The adoption of the Treaty of Rome in 1957 should lead Europe on the path that the "Father of Europe" had already mapped out in his declaration of May 9, 1950. In 1958 Robert Schuman was elected the first President of the newly established European Parliament in Strasbourg, which replaced the Common Assembly of the ECSC . He is the fifth president in this row. On January 10th of the same year he received an honorary doctorate from the Catholic University of Leuven for his services to Europe . Also in 1958 (on May 15) he was awarded the international Charlemagne Prize of the city of Aachen for the unity of Europe . In 1959 he received the Erasmus Culture Prize together with Karl Jaspers .

Robert Schuman died on September 4, 1963 in Scy-Chazelles near Metz. He was buried there in the Church of St-Quentin .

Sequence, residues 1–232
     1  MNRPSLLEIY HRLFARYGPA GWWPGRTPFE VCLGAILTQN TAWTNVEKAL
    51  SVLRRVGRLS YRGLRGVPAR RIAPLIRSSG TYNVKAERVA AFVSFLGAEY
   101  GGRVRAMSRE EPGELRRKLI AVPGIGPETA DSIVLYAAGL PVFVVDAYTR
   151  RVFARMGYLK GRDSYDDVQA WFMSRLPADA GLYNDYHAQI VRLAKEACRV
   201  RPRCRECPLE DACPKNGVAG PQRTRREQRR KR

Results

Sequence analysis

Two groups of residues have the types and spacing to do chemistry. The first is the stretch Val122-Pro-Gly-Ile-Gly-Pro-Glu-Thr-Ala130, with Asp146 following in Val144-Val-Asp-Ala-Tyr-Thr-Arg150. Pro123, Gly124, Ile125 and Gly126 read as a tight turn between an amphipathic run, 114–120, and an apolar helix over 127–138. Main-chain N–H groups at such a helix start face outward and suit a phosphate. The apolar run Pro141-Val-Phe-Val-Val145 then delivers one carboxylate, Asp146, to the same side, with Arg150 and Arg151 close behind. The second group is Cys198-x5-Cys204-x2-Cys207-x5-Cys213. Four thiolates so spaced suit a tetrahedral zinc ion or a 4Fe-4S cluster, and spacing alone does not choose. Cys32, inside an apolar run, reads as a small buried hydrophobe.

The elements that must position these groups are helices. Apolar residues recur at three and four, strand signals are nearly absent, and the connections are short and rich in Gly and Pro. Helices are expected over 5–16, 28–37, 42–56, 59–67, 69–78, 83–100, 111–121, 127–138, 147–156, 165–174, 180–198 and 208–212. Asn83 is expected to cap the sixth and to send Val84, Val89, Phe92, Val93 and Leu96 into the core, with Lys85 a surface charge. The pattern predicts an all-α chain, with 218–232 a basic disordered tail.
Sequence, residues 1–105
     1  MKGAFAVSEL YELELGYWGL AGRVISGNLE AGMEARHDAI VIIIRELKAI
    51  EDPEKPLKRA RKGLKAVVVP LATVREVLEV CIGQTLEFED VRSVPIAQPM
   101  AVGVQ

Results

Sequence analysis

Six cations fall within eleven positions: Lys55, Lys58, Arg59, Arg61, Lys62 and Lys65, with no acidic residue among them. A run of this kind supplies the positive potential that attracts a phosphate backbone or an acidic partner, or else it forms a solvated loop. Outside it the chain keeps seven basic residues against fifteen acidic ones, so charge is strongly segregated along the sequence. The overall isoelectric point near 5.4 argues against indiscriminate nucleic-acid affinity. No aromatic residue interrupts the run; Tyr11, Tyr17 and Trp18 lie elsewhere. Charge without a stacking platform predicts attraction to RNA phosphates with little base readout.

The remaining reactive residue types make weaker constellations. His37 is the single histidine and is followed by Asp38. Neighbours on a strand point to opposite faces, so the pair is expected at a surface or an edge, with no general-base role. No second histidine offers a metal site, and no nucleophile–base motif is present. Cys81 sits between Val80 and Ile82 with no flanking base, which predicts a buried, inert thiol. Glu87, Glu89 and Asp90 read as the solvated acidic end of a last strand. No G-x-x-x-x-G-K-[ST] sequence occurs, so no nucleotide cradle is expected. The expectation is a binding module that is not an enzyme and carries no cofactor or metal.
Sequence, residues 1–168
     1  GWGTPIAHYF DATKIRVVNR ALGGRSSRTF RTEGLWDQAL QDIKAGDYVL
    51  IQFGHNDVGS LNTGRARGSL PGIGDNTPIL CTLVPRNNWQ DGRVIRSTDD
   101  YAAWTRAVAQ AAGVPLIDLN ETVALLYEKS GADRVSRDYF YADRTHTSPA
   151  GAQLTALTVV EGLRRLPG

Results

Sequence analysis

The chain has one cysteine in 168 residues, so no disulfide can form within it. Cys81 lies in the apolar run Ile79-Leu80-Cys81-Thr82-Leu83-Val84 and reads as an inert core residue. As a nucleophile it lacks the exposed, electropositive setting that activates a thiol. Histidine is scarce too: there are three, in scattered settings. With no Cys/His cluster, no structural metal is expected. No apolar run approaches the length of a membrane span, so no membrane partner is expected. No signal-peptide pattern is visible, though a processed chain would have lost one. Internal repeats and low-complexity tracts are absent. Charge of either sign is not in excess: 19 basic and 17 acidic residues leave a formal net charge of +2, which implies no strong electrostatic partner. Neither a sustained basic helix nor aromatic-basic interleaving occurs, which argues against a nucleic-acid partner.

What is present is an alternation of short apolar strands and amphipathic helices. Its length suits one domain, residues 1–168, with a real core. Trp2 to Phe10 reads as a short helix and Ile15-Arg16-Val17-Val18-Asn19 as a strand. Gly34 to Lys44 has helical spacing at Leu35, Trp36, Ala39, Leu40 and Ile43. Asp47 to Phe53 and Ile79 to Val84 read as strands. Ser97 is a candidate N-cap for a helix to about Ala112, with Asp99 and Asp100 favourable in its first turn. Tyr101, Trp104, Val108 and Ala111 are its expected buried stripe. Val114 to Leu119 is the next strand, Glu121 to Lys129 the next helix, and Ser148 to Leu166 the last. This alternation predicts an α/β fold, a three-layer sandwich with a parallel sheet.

Awards during his lifetime:

Schuman was a champion of Franco-German understanding . For the Catholic and other Christian churches, Schuman is regarded as a model for the expression of moral values ​​in politics. His beatification process was initiated in Schuman's home diocese of Metz and has been pending in the Vatican since 2004. The collection of documents created by Hans August Lücker , Executive President of the German Committee for the Beatification of Robert Schuman, was deposited in the Historical Archives of the European Union in Florence and can be viewed there.

After Robert Schuman's death, many places in Europe were named after him. Here is a small selection:


Web links

Commons : Robert Schuman  - collection of images, videos and audio files

Individual evidence